For a lot of Green candidates, what made them stand out was that they discussed European issues. This was a welcome change from the other Parties, who used these elections as another opportunity to discuss national issues. Though it varies in size, in every country there is a bloc of voters who care about European issues and are looking for Parties that focus on them for the European elections. The Greek Greens, who elected their first MEP in 2009, used a focus on European issues to distinguish them from other parties.

A practical tool provided by the European Greens that helped parties “Europeanise” the election was the “vote tracker” on energy and climate issues, which allowed candidates to look at the voting record of their national MEPs and see if there were grounds to criticise them. Oftentimes MEPs said one thing at a national level, but voted differently in the Parliament.

Bringing attention to these discrepancies gave Green Parties stories that were easy for the media to report, which is crucial for getting coverage at election time when you may be competing with other Parties for media attention. It also focused the election on future decision that were to be made in the European Parliament.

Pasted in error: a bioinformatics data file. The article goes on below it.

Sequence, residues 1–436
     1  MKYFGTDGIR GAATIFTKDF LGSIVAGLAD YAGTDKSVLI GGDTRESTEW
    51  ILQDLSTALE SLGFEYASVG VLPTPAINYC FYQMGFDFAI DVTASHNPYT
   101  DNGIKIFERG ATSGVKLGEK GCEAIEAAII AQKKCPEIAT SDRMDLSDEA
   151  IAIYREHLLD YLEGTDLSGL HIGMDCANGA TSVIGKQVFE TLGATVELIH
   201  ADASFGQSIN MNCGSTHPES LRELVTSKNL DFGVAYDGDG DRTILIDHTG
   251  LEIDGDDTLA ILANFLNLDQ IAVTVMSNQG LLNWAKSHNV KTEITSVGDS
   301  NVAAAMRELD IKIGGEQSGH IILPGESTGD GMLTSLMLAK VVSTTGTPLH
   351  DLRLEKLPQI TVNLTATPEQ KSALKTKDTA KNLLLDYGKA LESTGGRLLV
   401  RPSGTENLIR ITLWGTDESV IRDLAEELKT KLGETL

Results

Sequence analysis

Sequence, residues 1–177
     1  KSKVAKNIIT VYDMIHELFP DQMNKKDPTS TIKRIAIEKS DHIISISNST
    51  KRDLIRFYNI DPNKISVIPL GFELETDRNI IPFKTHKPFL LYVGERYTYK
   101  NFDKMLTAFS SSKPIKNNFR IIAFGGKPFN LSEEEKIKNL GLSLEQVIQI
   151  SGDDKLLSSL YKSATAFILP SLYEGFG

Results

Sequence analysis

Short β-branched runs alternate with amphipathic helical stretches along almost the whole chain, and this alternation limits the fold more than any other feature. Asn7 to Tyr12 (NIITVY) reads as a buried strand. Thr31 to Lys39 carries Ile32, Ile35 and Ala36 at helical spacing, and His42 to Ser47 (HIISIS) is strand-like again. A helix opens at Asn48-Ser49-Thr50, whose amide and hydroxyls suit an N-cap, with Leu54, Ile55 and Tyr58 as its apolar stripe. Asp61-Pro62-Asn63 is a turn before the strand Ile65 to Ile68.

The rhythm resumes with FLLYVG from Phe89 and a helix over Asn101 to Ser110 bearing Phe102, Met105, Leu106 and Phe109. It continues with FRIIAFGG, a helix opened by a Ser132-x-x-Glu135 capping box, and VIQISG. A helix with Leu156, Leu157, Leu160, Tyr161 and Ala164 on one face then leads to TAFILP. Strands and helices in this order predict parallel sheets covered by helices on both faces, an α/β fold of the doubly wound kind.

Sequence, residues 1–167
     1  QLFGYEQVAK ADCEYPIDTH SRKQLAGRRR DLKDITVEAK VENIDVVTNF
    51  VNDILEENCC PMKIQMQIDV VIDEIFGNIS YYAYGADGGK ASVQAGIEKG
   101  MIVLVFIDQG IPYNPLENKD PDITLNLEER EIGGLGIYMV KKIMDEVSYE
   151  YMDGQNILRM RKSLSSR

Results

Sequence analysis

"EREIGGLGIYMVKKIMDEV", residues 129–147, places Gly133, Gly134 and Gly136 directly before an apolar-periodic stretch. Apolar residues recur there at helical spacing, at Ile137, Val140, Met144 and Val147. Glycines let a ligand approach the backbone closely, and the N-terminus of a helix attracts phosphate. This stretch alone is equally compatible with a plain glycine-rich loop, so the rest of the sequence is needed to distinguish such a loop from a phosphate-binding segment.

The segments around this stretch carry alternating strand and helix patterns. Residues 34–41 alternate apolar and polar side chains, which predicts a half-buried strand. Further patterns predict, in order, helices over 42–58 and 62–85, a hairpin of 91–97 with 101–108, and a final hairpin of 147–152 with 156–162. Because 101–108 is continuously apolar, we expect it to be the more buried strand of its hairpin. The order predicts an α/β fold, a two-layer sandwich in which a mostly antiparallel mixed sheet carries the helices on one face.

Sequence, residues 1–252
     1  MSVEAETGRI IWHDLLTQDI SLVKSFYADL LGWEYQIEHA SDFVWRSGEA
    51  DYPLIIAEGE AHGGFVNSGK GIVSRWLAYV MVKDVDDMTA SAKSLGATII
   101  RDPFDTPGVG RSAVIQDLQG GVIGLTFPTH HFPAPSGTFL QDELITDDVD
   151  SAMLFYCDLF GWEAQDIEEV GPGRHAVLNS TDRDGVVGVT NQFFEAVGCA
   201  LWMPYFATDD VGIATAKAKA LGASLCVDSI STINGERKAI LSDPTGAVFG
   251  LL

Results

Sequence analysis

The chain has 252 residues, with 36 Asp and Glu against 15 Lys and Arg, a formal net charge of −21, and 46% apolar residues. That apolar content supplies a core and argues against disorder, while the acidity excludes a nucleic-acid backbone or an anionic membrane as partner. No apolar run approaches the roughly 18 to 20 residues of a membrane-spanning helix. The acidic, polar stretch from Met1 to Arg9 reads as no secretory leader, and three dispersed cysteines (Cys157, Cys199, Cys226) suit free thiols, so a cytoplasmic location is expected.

A look at the website of the Green MEPs and the European Green Party will show loads of European issues that parties can highlight at election time, along with research and policies to support the Party’s stance.

 European Campaign – all roads don’t lead through Brussels

When thinking about a common European campaign many may be mistaken to think that it is solely about running a centralised campaign from Brussels. A common campaign required a certain level of centralisation from the European Green Party, to bring together ideas and to highlight common European solutions. However, the idea of a “common campaign” is not just about centralisation, but also about helping Parties to work across borders and share “best practice” and resources.

In this sense, there are a lot of good examples from 2009 that Parties can follow as they being to prepare for 2014.

The Luxembourg Greens and the Maltese Greens formed a partnership for the 2009 elections. Both are from small Member States, but the Luxembourg Greens are much stronger as they have had an MEP for many years. As a result they were able to give support to the Maltese Greens in their effort to gain their first MEP. This included a visit by the Luxembourgish MEP Claude Turmes, and a visit by Maltese Greens to the Maltese Community in Luxembourg. Turmes is one of the Parliament’s leading experts on energy, and he was able to promote the importance of switching to sustainable energy to Malta’s economy. This cooperation was an essential part of the Maltese Greens promoting themselves as a European Party.